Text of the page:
In order to answer this question, we must first acknowledge that there were multiple aims of the attackers and the degree to which aims were achieved will of course vary. The most simplistic aim of the terrorists was to murder certain members of the magazine who they deemed the enemy and responsible for the anti-Islamic cartoons. On their hit-list was magazine editor Stephane Charbonnier and he was killed in this attack (Lynch, IB Times: 2015). On this basis, the aim of the perpetrators was achieved but it must be realised there were added objectives than simply the murder of one individual. The French government’s response of attacks in Syria and the Islamic Maghreb is a good example. Whilst these attacks may decrease the short-term effects and progress of extremist organisations such as Al Qaeda, it could be argued further Western intervention in these areas under Islamic influence have only added to their base of support due to the proof of western violence in retaliation. This could easily be argued as the attack on Charlie Hebdo being a success. However a valid counter-argument for this lies with Al-Ansi’s video claiming the attack where he directly states how Al-Qaeda wish for western forces “leave our lands and stop “plundering our resources” indicating how the intention of the attack was purely to try and force western troops out of African areas with strong Islamic populations (Saul, Independent: 2015). In this respect, it can be argued that the terrorists have not succeeded in their aims due to the continued intervention by western forces. It can also be argued that the perpetrators have succeeded to an extent due to a subsequent increase in media censorship since the attacks. France has traditionally maintained the use of “free media and independent journalism” but this has been cut down in the wake of attacks in 2015 attacks (Freedom House, 2016). The National Assembly adopted legislation after the November attacks allowing the government to block and censor further internet searches and access (Ibid). This can be seen as a victory for the perpetrators as France are contradicting values such as’ freedom of expression’ that Hollande stated his support for post attack directly due to the attacks (Thomas, Reuters: 2015).

Conclusion and Article evaluation

The article does not attempt any explanation or analysis of the potential underlying causes of the attack nor does it attempt to explain the perpetrators potential subjective motivations. It is purely an informative article aiming to report the happenings of the event as accurately as possible from the perspective of which it writes which is of a western world having been viciously attacked by Islamic terrorists working for the wider organisation of ‘Al-Qaeda’ (Rayner, Samuel and Evans, Telegraph: 2015). Since the article is published on the same day as the event, it is perhaps more credible that the article does not try to dissect the potential motivations and underlying causes due to the fact that there may well have been a lot of unknown information still yet to come to light. The article does rather brutalise the terrorists in its language but this is also to be expected as it is a western publication and as we have decided above, this was not an attack of any real legitimacy. Furthermore the article labels them “terrorists” to many is subjective but given the definition I have decided to use and the actions undertaken by the perpetrators, this is clearly an appropriate label for them and thus does not bring the validity and quality of the article into question (Ibid).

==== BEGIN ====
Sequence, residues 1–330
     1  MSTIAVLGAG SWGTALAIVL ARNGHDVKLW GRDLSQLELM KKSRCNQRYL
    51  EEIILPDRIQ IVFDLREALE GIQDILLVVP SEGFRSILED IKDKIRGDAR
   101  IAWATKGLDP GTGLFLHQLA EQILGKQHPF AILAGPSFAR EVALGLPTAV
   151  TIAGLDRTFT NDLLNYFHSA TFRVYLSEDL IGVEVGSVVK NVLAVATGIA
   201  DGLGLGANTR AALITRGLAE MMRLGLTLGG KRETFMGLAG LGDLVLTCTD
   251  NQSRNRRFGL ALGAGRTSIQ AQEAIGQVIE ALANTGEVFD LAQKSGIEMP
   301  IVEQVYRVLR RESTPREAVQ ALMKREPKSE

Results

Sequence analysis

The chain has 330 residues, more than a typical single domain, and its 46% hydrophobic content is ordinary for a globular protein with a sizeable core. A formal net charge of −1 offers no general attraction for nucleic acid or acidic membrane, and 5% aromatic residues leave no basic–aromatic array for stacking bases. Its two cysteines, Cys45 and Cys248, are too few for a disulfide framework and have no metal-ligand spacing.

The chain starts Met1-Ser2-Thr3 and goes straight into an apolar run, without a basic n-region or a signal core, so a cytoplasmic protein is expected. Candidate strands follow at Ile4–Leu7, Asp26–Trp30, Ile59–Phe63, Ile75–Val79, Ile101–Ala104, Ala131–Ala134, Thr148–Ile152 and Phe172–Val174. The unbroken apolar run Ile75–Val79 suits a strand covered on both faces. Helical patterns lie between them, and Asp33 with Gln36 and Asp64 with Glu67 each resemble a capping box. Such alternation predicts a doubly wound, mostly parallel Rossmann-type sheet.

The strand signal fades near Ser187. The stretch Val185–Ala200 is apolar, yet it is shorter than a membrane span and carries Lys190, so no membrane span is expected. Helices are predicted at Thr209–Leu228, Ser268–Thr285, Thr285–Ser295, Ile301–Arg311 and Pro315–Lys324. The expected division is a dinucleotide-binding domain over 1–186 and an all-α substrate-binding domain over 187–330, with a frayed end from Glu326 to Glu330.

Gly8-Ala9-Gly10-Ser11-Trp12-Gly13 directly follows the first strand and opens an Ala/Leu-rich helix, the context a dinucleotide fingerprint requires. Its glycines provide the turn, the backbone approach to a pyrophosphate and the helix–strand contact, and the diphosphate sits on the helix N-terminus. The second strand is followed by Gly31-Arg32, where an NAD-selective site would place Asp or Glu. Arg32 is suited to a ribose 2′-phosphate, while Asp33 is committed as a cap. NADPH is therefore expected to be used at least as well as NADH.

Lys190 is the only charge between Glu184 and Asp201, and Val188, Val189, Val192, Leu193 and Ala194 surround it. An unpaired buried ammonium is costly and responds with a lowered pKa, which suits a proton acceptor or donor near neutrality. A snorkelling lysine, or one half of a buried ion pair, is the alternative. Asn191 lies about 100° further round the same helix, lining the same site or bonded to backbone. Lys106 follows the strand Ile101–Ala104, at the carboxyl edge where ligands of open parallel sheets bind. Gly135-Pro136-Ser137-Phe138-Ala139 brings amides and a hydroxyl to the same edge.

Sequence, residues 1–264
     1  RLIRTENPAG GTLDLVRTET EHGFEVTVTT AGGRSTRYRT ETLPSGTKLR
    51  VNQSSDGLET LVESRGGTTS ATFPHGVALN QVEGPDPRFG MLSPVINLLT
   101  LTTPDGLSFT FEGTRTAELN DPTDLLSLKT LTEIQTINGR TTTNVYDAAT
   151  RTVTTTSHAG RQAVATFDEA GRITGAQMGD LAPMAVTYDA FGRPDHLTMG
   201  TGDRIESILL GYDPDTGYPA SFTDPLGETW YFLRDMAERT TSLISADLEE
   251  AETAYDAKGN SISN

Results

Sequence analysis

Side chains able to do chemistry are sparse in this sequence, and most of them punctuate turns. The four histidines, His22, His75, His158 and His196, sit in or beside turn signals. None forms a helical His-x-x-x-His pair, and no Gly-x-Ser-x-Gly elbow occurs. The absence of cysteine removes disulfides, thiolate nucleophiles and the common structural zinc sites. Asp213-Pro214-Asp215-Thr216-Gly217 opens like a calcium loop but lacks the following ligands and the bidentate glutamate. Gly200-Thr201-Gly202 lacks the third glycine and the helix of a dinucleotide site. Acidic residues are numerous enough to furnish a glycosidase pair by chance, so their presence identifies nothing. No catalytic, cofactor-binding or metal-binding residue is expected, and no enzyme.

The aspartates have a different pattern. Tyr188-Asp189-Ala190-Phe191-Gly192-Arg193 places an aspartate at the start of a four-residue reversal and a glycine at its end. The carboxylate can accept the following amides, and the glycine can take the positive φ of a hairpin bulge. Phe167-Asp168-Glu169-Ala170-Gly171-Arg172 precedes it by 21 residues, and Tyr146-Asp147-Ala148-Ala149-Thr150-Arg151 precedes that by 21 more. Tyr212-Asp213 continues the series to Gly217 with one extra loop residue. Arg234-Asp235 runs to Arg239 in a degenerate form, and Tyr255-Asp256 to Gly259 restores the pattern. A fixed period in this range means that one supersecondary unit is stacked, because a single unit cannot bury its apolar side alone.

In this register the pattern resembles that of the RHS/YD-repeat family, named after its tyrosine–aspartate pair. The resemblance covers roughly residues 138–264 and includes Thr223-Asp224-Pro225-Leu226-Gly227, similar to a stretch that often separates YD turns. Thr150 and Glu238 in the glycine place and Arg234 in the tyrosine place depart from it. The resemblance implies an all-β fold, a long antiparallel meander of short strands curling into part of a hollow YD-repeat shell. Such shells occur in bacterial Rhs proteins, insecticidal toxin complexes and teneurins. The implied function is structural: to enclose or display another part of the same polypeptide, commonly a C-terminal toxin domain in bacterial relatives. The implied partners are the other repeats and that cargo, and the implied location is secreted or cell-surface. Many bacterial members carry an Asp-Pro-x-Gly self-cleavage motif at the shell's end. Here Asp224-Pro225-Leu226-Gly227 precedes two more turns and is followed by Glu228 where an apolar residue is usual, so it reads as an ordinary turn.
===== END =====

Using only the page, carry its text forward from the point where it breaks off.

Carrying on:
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One thought on “France – ‘Charlie Hebdo attack: France’s worst terrorist attack in a generation leaves 12 dead’ (Telegraph, 2015)

  1. This is an excellent essay which demonstrates very good understanding of the case study and perceptive critical thinking. It builds on a very wide range of relevant sources which it deploys well. It is very well structured, very well written, and very well referenced.

    At the same time, some angles of analysis could have perhaps been explored in a little more critical depth or a little more fully. For instance, the discussion of legitimacy is rather rushed and lacking rigour. The essay could have also perhaps considered the aim shared by many jihadi groups to polarise Western Muslims and goad Western governments into deeper, costly and counter-productive involvement in Muslim countries. The precise role of religion could have also been considered in further critical depth, including by considering where the arguments of the attackers sit for most other Muslims. Perhaps the essay could have also reflected on the presence of a number of controversial world leaders at the demonstration on the Sunday after the attack.

    Still, on the whole, this is an excellent analysis, reflecting originality, insight and mastery of the topic, demonstrating critical enough reading of an extensive range of texts, built on independent research, and putting forth a persuasively articulated argument.